I am looking for information on teaching elementary school kids fire prevention, fire safety and a general knowledge of what the fire service is all about. Please email me at email@example.com. Thanks!
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Thread: teaching fire safety
05-22-1999, 10:35 PM #1firefighter4uFirehouse.com Guest
teaching fire safety
05-23-1999, 08:59 PM #2HalonFirehouse.com Guest
As a beginning program, keep it simple. Smoke detector instalation and testing; stay low and go; stop drop and roll; firefighter familularity (very important for this age group); maybe discuss the importance of a meeting place; 9-1-1 (if available); don't go back inside for any reason; do not collect toys or animals as they escape or get dressed; tools vs toys (matches and lighters)(hot and cold) are usually sufficient for the pre-kindergarten through the 1st grade (approximately 20-30 minutes tops).
The older kids, the same concepts, a little more in depth. Practice escape procedures such as; stay low and go, feel the door, open the door slightly looking for smoke, and escaping out of a window, and discuss the purpose of a meeting place.
To keep their interest, use props and practice drills for all groups. For example; use a battery smoke detector to demonstrate the sound or replacing the batteries or testing; construct a door and a window in a frame to use to demonstrate and practice escape procedures; use your imagination.
Most likely, you will not be able to use all of the concepts and keep their interest or the students may get confused with too much information. Use your imagination and experience to determine what to do. If they get restless, shift gears and try something else. The main thing is to not overload them. Several short sessions are more benificial than cramming a lot of information into one long one.
The more exposure the students have with the information and a firefigher, the more they will retain. It is a lot of hard work for an effective program, but it is worth it in the log run. Our office has had excellent results with our programs. The children who have been through our programs before, have retained the information.
If you need any more information, let me know and I may be able to give you some of our basic curriculum. E-mail me your snail mail address and I will see what I can do.
Good luck and good teaching.
06-11-1999, 07:37 PM #3EngineCoGirlFirehouse.com Guest
Well, Halon pretty much said it all. We do alot of that stuff for the little kids. A couple other things we do are showing the kids pictures of what happens to kids that play with fire. Nothing too graphic. (The graphic stuff is saved for the public presentation that we give at the firehouse that night.) The kids must have permission slips signed by parents stating their kids may attend the show. (Personally, i think parents are fools to take their kids out of an important presentation) I help our dept with this every year, and the part i do (with 3 or 4 others) is put on our protective gear and SCBA crawling with flashlights and yelling names so that the kids can see and hear what the firefighters sound like when coming to save them if they're trapped inside a structure. That way they won't be scared if they're ever in that situation. Last year me and three other guys dressed up and we all stood on the stage in front of them. The instructor then asked them to identify the girl. They couldn't. And it was good cuz it also tought them that it doesn't matter...man or woman, the firefighter is there to help you and it doesn't matter what sex they are. I love doing fire prevention. It's fun, and gives me a good feeling. Good luck!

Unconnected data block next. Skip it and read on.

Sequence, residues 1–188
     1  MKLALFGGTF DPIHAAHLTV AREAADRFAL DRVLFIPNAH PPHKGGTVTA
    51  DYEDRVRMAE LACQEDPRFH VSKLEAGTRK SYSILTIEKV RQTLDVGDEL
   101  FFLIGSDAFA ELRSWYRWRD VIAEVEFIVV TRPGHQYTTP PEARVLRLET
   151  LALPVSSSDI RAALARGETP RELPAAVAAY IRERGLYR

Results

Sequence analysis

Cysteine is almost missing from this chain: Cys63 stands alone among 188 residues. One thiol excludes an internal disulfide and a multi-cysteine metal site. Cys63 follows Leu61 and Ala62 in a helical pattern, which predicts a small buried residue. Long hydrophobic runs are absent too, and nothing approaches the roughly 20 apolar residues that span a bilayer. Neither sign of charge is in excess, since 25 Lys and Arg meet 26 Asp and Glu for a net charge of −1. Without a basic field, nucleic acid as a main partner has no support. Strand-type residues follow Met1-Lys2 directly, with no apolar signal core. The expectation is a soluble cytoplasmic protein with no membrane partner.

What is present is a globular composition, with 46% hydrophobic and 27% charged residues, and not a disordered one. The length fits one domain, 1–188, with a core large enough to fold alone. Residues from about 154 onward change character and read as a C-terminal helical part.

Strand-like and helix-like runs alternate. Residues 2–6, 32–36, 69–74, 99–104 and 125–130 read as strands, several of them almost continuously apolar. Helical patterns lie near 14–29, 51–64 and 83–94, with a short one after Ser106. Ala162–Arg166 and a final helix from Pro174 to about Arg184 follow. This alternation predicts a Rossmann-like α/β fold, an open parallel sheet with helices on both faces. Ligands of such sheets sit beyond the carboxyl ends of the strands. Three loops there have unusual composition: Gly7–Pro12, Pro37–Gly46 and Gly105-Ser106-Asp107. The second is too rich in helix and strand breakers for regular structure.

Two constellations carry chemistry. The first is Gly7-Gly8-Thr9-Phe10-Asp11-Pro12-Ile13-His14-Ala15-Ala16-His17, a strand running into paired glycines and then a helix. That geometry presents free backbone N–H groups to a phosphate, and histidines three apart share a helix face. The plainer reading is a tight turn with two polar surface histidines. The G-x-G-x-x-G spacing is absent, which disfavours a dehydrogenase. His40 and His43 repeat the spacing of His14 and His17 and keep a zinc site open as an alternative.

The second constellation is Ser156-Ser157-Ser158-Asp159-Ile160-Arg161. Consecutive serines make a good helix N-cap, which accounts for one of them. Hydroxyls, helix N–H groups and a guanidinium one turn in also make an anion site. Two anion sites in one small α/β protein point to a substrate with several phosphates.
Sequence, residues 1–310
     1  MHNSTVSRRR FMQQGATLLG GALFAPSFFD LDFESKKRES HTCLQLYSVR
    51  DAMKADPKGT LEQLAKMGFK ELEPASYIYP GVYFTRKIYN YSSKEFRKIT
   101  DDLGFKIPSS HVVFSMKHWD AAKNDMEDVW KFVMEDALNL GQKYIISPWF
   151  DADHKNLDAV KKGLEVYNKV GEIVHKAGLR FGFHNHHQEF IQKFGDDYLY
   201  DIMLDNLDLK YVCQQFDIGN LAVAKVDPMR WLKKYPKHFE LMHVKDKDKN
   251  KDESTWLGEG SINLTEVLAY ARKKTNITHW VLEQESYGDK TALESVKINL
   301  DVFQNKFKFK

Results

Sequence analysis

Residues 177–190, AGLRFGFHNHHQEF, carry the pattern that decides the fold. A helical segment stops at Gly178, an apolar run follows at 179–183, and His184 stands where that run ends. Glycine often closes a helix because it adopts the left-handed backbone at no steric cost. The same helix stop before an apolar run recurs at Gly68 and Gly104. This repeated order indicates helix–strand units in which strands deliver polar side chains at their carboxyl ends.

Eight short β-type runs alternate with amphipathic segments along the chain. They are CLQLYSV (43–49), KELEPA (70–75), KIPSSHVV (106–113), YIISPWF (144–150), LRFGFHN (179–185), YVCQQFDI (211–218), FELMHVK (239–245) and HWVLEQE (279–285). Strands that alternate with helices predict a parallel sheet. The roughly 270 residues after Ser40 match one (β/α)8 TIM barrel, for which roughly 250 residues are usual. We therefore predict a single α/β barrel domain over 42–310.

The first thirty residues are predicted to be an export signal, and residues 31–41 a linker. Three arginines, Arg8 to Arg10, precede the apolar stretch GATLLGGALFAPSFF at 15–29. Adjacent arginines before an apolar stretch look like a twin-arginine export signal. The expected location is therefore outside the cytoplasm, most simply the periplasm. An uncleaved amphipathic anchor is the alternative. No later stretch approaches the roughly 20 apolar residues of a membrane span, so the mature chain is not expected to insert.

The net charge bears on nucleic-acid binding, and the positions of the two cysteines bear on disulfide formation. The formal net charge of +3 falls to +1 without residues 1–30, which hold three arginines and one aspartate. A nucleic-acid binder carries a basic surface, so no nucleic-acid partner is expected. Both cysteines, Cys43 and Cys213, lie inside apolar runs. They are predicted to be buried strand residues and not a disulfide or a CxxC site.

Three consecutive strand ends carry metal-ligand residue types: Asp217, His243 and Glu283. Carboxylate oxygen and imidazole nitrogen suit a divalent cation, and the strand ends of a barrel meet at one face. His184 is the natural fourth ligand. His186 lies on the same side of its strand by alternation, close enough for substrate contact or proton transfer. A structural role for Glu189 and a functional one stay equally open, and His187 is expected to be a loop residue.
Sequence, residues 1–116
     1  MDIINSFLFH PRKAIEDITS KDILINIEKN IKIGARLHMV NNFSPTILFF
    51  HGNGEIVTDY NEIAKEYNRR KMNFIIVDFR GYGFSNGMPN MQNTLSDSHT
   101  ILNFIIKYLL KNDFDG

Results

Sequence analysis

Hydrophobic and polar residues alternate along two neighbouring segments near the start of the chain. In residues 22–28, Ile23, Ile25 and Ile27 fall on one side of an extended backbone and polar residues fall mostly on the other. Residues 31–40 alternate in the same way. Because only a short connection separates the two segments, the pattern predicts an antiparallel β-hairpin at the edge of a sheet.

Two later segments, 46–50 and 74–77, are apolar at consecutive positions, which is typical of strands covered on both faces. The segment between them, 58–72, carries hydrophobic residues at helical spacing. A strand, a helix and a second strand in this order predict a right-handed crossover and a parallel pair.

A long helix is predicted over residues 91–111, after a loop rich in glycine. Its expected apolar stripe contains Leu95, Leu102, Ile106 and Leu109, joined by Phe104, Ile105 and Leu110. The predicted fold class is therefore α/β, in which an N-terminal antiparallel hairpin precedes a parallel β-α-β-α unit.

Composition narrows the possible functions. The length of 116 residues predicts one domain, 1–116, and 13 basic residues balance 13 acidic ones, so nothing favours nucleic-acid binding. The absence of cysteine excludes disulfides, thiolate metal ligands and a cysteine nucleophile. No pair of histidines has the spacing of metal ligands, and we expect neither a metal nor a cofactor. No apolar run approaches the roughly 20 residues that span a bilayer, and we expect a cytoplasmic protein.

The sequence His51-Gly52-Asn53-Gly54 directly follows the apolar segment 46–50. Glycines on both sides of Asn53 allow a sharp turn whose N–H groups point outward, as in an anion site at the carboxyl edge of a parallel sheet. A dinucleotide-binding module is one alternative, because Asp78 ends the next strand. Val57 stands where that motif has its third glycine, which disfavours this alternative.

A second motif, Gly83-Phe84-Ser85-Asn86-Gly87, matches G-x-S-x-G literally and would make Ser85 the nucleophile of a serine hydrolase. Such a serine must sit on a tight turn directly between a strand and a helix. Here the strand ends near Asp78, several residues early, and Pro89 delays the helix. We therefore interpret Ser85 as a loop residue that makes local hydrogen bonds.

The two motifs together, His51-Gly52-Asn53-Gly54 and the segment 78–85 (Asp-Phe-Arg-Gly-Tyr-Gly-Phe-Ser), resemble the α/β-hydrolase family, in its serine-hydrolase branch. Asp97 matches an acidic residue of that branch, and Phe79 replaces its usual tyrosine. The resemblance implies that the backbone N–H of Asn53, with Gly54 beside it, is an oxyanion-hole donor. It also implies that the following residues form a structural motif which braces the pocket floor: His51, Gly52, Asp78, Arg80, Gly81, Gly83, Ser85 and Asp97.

~Real heros wear SCBA, not capes~
07-01-1999, 02:55 AM #4FiretalkerFirehouse.com Guest
Hi, I teach alot of the fire prevention classes for my dept. and I find that the more fun you make the topic the better the retention, also you have to take the time to allow the children to participate with questions and answers and to allow them to relate their experiences and concerns out loud. Many of us forget that they are just little people and that their fears are just as real as ours. For the littler ones I just teach stop, drop and roll and I have them give me examples of good fire vs bad fire. Then I give them a homework assignment, and that is to teach stop, drop and roll to everyone in their home. The older kids usually see a video and then we go into stop, drop and roll, smoke detectors, meeting places, and most importantly how to call in an emergency and what really is an emergency. I also have different types of literature to distribute based on age groups. All the children are also given the homework assignment to checking the smoke detectors when they go home that night and are told to do it before dinner. My programs are about 2 - 21/2 hours long, and for all groups there is a tour of the rigs. If I can be of any more help please feel free to email me at firstname.lastname@example.org.
07-12-1999, 12:57 PM #5sarge552Firehouse.com Guest
Our fire prevention program involves going to the local schools and teaching the children things such as "Stop,Drop, and Roll" and "get low and go, just like G.I. Joe". We cover 911, fire escape plans, meeting spots, fire is a tool, fire extinguishers and smoke detectors and their roles. We show the children our gear and let them try it on and show them the fire truck if time allows. ther are many things that you can do to spark a childs interest in learning about fire safety, remember to keep it at their level and make it fun! The kids of today are the firefighters of tomorrow!! Stay safe